Korea-U.S. nuclear pact extended for two yearsUnable to bridge differences on terms to renew their fast-expiring bilateral civilian nuclear agreement, Seoul and Washington decided to extend the pact for another two years while continuing frequent negotiations, the Korean Ministry of Foreign Affairs said yesterday.
Following the seventh round of bilateral talks in June, negotiations will continue once every three months until the extension period ends on March 19, 2016, or until a consensus is reached, according to the ministry.
Foreign Ministry spokesman Cho Tai-young said yesterday that the two-year extension was to sort out “technical issues and details” regarding rewriting the agreement and that “the extension period is not yielding [in terms of negotiations] but rather to prevent a gap in having a [Korea-U.S.] nuclear agreement.”
The sixth round of talks to renew the civil nuclear cooperation pact, which expires next March, resumed last week after two years of no action on Seoul’s request for Washington to lift restrictions which bar it from reprocessing nuclear fuel and enriching uranium for civilian use.
The Foreign Ministry said that “through the bilateral talks meaningful progress was made” in the areas of developing pyroprocessing technology and managing spent nuclear fuel, procurement of a stable supply of nuclear fuel and improving Korea’s competitiveness in exports of a nuclear reactor.
Discussion between the Korean delegation headed by Park Ro-byug, the Ministry of Foreign Affairs’ ambassador for energy, and the U.S. delegation chief Robert Einhorn, special adviser for nonproliferation and arms control, happened over three days in Washington from April 16, but Seoul again failed to get a green light for its proposal to lift prior bans.
The nuclear energy pact, also called the “123 Agreement” after pertinent sections in the U.S. Atomic Energy Act of 1954, was last amended in 1974 but Korean experts state that some terms are no longer applicable 40 years later.
Korea, which derives more than a third of its energy from its nuclear reactors, expects to run out of storage space for spent fuel in the next decade.
But Washington agreeing to Seoul’s terms would mean going against its “golden standard” nonproliferation stance. While Korea claims it will use nuclear technology for civilian means, the reprocessing nuclear fuel may produce plutonium which can power nuclear reactors, but also can purportedly be used to make atomic weapons, as with enriched uranium.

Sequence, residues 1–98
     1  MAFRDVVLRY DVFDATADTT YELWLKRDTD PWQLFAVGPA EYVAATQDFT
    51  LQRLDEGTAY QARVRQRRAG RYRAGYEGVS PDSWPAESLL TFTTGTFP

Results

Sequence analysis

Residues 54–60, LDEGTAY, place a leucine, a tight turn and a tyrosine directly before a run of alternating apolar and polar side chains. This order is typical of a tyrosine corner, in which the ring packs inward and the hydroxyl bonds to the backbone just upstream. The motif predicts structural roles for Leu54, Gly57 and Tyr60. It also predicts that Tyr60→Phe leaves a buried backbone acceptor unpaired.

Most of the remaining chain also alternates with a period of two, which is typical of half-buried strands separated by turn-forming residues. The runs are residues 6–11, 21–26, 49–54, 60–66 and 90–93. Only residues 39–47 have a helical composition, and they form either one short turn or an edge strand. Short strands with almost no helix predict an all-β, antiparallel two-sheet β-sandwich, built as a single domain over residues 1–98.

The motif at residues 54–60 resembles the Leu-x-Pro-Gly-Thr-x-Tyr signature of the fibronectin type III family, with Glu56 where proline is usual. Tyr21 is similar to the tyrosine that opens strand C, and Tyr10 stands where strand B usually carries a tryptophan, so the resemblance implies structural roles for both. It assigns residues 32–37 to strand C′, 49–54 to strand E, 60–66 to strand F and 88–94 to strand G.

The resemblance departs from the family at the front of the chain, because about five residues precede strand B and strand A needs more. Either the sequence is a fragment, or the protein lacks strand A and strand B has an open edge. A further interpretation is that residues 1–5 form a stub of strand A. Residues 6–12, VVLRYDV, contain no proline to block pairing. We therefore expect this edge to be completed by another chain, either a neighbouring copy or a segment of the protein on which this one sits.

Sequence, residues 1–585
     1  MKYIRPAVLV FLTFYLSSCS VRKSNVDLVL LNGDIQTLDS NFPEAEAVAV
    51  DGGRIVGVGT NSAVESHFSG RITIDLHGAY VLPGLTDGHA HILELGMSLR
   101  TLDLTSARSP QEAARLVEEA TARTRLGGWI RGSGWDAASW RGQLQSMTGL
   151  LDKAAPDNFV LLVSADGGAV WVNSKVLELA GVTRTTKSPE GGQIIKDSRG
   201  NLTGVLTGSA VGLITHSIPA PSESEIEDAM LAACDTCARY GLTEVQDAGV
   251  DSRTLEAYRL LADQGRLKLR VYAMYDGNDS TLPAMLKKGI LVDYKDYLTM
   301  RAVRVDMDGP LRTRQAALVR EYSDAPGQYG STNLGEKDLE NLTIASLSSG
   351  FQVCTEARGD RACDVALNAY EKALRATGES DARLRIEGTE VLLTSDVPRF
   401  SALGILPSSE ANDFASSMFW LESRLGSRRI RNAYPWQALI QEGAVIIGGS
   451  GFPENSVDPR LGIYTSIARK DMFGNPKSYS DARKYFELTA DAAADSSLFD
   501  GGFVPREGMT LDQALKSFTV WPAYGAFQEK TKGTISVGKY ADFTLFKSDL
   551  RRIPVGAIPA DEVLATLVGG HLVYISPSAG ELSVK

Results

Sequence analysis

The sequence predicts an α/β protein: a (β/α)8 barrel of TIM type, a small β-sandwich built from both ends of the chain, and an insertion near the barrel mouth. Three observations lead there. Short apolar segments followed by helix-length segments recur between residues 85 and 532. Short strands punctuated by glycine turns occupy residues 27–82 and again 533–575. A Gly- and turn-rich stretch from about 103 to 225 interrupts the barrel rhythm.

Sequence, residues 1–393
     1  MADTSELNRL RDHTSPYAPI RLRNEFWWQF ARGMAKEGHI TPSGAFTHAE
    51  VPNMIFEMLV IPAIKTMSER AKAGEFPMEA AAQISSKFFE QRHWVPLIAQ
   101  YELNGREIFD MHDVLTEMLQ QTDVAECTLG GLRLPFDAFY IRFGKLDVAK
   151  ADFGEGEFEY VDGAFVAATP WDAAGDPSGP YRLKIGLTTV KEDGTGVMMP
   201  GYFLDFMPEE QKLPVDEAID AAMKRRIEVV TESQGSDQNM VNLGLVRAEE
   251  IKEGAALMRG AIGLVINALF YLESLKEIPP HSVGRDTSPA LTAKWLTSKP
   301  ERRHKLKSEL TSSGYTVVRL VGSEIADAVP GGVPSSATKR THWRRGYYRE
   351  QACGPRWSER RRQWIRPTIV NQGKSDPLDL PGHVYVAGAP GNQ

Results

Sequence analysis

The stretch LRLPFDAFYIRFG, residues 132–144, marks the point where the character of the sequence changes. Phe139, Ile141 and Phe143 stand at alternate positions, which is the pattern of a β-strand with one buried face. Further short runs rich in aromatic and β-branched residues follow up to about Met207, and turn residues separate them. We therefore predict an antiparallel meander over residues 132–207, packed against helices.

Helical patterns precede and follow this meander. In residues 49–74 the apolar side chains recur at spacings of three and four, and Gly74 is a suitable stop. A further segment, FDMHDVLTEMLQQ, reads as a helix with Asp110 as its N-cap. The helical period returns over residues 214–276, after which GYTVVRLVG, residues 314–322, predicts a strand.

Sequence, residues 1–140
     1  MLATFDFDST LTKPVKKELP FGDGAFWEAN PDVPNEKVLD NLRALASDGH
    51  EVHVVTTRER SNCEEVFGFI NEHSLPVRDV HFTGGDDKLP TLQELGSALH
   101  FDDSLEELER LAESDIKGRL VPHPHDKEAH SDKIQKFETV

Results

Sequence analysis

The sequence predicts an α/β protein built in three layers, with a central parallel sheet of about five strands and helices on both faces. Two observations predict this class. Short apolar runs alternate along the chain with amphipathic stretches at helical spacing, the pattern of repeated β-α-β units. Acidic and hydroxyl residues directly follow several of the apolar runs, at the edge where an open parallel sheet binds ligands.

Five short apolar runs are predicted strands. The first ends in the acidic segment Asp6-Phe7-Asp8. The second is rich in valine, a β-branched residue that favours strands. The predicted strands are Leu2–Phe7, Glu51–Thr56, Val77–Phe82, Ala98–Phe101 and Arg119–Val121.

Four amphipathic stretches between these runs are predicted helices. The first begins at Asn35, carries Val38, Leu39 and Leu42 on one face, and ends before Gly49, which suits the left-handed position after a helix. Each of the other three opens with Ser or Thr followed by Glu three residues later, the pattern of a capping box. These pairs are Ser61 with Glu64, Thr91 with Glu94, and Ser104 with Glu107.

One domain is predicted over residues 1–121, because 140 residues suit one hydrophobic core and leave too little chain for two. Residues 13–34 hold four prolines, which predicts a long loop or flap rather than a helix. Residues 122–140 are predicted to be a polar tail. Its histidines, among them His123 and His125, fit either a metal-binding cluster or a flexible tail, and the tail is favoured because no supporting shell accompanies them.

In light of nuclear tension with North Korea and Iran, the U.S. fears that changes to the status quo could quickly spiral into a nuclear arms race in the region.
The U.S. showed openness on cooperating with Korea on ways in order to tackle the issue of what to do with spent fuel and through holding a joint fuel cycle study.
Korea proposed developing pyroprocessing technology, which enables the reuse of waste, but doesn’t produce pure uranium or plutonium that could be used for nuclear weapons. But the U.S. is concerned that the plutonium produced through pyroprocessing may be turned into weapons-grade material more easily than stored spent fuel.
“The new administration through both President Park Geun-hye and Foreign Minister Yun Byung-se actively communicated to the U.S. its message [regarding the nuclear pact], so there has been more meaningful progress than before,” said a senior Foreign Ministry official privy to the issue. “As the 90-minute soccer match ends and we enter overtime, accelerated negotiation is needed for an early settlement between both sides to happen.”
While Park is slated to meet with U.S. President Barack Obama on May 7 in Washington, officials here said that because this will be their first bilateral talks, they may not delve too far into the issue of renewing the bilateral nuclear pact, especially after extending it for another two years.
By Sarah Kim, Jung Won-yeob [firstname.lastname@example.org]
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